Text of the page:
Who are we?
We are a joint department offering two distinct degrees, one in Mathematics and one in Computer Science. We are home to 10 full-time faculty, 6 of whom primarily teach mathematics and 4 of whom primarily teach computer science. Altogether, we teach roughly 20 courses each semester, with an average class size of 25 in the introductory classes and 5 to 15 in the advanced classes.
We are located on the second floor of F.W. Olin Science Hall, where we maintain 3 computer labs and ample classroom and study space.
What is mathematics?
Mathematics is the study of abstraction. Mathematicians search for similar patterns in seemingly different settings and then strive to communicate those patterns precisely. Mathematics is a creative process, not a mechanical one. For example, finding the circumference of a circle with the formula 2πr is simply calculation; the discovery of π was (ancient) mathematics. Likewise, the discovery of Calculus was a great feat of Mathematics, but applying Calculus to find the acceleration of an object is not.
At Denison, you will initially continue your high school Calculus education, but quickly be exposed to some of the more fascinating questions that really excite mathematicians.
For more perspectives on mathematics, look here.
What is computer science?
Computer Science is the study of information processes, or algorithms. Computation and information processes have become ubiquitous and essential to fields as diverse as biology, economics, physics, game design, management science, geology, and animation. Computer scientists design algorithms to solve problems, mathematically analyze them to assess their correctness and efficiency, and implement them as computer programs. Computer science is not about writing code; it is much more interesting! In fact, coding is often the easiest part of a project; discovering first how to solve the problem is much harder!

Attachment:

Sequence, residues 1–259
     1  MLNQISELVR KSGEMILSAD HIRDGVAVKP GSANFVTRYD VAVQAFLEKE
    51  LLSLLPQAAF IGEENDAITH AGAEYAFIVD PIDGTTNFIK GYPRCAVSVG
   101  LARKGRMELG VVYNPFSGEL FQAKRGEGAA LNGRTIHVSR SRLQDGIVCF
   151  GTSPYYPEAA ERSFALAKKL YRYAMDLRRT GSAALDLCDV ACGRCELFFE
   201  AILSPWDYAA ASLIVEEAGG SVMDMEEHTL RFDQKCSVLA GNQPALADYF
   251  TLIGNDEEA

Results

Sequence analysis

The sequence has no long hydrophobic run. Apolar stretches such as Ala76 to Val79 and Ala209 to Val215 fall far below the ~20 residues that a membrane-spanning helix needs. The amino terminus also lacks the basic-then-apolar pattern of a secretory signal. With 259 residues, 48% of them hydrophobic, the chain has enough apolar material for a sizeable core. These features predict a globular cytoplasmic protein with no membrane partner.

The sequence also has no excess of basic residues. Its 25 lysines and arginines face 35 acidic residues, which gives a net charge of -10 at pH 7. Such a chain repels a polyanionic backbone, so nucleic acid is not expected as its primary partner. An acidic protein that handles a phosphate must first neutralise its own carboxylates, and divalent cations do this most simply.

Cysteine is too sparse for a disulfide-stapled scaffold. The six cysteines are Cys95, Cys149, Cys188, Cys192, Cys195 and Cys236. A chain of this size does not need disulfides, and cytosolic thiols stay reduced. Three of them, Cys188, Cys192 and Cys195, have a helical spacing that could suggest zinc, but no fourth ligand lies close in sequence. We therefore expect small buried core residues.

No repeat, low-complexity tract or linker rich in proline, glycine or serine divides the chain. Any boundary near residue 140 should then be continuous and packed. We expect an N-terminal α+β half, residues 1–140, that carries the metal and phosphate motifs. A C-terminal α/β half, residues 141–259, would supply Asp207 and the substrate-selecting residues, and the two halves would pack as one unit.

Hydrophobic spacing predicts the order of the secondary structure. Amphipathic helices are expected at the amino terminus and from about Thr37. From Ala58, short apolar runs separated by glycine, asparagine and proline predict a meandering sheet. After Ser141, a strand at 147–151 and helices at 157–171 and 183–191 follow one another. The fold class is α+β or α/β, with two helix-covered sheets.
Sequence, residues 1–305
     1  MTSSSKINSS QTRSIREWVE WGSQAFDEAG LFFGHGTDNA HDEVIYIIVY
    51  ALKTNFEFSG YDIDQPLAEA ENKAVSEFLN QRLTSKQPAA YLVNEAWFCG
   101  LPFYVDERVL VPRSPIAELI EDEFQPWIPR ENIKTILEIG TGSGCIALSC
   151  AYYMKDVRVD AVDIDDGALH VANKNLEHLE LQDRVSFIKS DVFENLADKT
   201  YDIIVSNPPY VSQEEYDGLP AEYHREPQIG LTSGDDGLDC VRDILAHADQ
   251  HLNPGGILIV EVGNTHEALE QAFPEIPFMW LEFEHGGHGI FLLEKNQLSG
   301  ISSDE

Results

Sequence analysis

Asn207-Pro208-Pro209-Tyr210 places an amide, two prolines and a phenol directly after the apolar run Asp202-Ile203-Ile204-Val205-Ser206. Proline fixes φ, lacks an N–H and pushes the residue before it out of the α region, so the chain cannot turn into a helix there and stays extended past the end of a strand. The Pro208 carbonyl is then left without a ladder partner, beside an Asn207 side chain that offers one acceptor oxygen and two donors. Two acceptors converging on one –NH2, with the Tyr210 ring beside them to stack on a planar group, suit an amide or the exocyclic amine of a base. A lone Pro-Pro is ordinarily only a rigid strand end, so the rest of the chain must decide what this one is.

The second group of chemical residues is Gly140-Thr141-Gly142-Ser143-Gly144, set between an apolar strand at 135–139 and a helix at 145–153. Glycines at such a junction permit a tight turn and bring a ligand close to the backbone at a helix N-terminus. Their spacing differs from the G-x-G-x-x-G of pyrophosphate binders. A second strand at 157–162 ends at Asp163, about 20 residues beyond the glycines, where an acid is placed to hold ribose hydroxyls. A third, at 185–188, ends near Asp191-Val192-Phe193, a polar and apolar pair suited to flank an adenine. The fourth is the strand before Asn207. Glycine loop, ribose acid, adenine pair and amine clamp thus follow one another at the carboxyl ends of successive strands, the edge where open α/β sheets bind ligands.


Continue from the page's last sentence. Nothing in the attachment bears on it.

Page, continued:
At Denison, we emphasize the enduring core ideas of computer science and their applications to areas like networking, artificial intelligence, cryptology, computer architecture, software engineering, and robotics. With your knowledge deeply rooted in this core, you will be able to apply your education to whatever new technology you face (or create).
For a fuller perspective on modern computer science, take a look at this article.
We think we have a pretty great department. Here's why.
Our alumni have gone on to do great things. Every year, several students choose to continue their studies at good graduate schools. Other students find interesting work after graduation in education, finance, software development, and other fields.
We don't teach rote formulas in mathematics or transient technologies in computer science. If we did, you would need to go back to school soon after graduation because your knowledge would be obsolete already! Besides, these things are not really mathematics or computer science. To prepare students to tackle whatever challenges lay ahead, we emphasize the fundamental and enduring concepts of the disciplines. In addition, students who study Mathematics or Computer Science at Denison develop proficiency in analytical thinking, problem solving, and oral and written communication.